San Marcos Bail Bonds: Origin and Changes over Time
20 Jul, 2016//Posted by : aebbvelocityloca//Category : blog
We are very much accustomed to the bail system, and consider it our inalienable right. Have you ever considered where this custom comes from? Here is a brief history of the bail system, from its origins in middle-ages England, and it’s progression to the modern days of San Marcos bail bonds.
The Beginnings in England
The practice of bailing comes from medieval England. The sheriffs in the legal system of England at the time had something of an unlimited power over who stays in prison, and who gets to leave it. They would often accept a bail from those who could afford it and release them until they are called before the judge to answer for the crime. The money received as bail often ended up in the hands of the sheriffs themselves. This practice was curbed by the Statute of Westminster in 1275. It determined who can get bail and who couldn’t.
Welcome Additions – Habeas Corpus
A long time passed until the next piece was added to the mosaic of bail system. In the 17th century, a king imprisoned some of his noblemen, but refused to let them leave on bail. They appealed to the courts, who concluded that the king had denied them rights guaranteed by the Magna Carta against unlawful imprisonment.
To reinforce their rights, the noblemen issued a Habeas Corpus Act of 1679, which stated, among other things, that a magistrate will release prisoners, having taken a surety from them unless they have committed such a crime which is deemed unbailable. This is a paraphrase, of course. It was further strengthened by the Bill of Rights, which stated that an excessive bail should not be set. This was the basis for the 8th amendment to the US constitution.
The USA – the 6th and 8th Amendments
All the legal system of the pre-revolution America was based on the English law, as it was a part of the British colonial empire. The colonies adhered to the rules listed above. Shortly after the Declaration of Independence, all individual states included a form of these rules into their own constitutions.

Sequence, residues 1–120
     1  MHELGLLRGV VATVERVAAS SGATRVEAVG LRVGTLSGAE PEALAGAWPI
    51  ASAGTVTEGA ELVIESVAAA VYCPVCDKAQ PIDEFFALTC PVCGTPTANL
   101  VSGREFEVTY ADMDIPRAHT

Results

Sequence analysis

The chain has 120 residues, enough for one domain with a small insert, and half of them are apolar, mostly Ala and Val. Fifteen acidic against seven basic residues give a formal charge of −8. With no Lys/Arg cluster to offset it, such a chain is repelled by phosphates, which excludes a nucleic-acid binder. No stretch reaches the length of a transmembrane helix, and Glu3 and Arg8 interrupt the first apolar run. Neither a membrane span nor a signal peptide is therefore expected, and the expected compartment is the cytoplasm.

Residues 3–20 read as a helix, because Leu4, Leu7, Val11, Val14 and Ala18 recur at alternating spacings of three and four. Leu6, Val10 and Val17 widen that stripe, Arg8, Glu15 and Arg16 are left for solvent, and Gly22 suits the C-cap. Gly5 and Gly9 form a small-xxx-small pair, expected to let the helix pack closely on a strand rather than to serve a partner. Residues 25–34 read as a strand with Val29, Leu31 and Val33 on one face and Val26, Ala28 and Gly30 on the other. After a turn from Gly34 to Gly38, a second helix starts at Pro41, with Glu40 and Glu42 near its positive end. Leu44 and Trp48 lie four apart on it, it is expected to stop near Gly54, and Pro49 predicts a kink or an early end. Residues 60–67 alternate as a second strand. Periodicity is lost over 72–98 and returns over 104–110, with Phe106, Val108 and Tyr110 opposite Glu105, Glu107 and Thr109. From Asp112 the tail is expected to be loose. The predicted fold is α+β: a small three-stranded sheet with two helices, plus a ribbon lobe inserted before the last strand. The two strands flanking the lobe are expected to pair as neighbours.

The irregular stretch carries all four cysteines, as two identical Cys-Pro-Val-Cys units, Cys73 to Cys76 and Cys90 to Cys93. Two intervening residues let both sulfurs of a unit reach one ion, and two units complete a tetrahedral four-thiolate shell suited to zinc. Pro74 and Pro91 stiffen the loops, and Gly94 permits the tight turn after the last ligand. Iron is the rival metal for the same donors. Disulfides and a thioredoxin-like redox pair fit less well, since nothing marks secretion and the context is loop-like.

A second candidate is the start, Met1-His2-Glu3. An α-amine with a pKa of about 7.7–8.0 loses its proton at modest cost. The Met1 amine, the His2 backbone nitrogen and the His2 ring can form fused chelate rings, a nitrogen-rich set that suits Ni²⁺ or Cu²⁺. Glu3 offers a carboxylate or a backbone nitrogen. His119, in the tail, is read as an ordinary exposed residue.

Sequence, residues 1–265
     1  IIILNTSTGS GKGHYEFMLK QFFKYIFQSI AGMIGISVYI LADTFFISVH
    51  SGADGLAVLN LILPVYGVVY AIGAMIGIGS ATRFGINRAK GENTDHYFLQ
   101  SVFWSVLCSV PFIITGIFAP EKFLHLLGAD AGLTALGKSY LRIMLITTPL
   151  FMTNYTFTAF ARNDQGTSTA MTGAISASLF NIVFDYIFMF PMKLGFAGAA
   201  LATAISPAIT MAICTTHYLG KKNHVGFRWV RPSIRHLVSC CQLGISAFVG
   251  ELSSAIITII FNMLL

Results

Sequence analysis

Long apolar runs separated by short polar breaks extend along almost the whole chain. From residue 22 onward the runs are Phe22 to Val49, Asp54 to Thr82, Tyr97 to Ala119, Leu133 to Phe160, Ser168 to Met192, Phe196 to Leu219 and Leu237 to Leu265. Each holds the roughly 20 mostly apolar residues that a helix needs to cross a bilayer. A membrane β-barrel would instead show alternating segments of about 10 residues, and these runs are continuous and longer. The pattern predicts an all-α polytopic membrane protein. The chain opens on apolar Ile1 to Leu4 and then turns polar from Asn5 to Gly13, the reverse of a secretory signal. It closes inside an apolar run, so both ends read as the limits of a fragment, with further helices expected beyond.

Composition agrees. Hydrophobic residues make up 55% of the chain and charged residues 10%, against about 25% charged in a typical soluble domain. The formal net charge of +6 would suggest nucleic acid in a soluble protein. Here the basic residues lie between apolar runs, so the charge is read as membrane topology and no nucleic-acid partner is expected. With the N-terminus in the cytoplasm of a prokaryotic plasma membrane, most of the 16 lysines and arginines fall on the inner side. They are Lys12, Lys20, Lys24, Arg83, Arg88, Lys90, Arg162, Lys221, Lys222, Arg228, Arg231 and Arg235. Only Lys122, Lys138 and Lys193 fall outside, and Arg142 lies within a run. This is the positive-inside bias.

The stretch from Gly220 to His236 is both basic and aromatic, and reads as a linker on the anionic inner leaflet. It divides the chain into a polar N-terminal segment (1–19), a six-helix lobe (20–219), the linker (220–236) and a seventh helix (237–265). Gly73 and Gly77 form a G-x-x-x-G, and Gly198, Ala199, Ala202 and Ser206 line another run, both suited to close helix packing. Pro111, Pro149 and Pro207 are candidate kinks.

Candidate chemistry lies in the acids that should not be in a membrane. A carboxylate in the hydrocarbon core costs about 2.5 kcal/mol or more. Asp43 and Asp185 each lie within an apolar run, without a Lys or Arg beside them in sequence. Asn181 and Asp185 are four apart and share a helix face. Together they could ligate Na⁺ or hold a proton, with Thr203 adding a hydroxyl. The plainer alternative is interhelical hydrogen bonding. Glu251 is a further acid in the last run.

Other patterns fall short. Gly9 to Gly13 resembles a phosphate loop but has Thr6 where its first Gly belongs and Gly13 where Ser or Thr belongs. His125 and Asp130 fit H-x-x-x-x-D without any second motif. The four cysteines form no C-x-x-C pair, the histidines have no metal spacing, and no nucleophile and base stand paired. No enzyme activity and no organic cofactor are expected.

The 6th Amendment is based on the Habeas Corpus Act of 1679, in that it requires the defendant must be informed of the reason of the imprisonment, and given bail if they are accused of a bailable crime. The 8th Amendment is based on the Pennsylvania Constitution, and on the British Bill of Rights, stating that there should be no excessive bail set for crimes that are bailable.
Judiciary Act of 1789 was introduced by Congress to further specify the details of bail. This act specified which crimes can be bailed and put some constraint on the judges’ freedom in setting bail. Basically, it stated that all non-capital crimes are bailable, whereas judges get to decide on the capital ones.
There have been a few more changes to the system, most notably in the 1966, where the system was relaxed, and then in the 1984, when the system was made stricter again; however, it hasn’t changed essentially.
Bail Bonds in California Today
Originally, the system strongly favored the rich. The poor and the middle class were unlikely to have enough money to post it. So, bondsmen emerged, offering to post the full amount to the court for a fraction of the sum. That was a game changer and everybody was able to exercise their right to post bail. In the USA, bail bonding has been around even before the foundation of the country, so in 1776, when the legal system was designed, they had been considered an integral part of it. And they still are an integral part of the system. If you need bail bonds in San Marcos or anywhere in San Diego County, be sure to contact Affordably Easy Bail Bonds for a prompt and affordable service.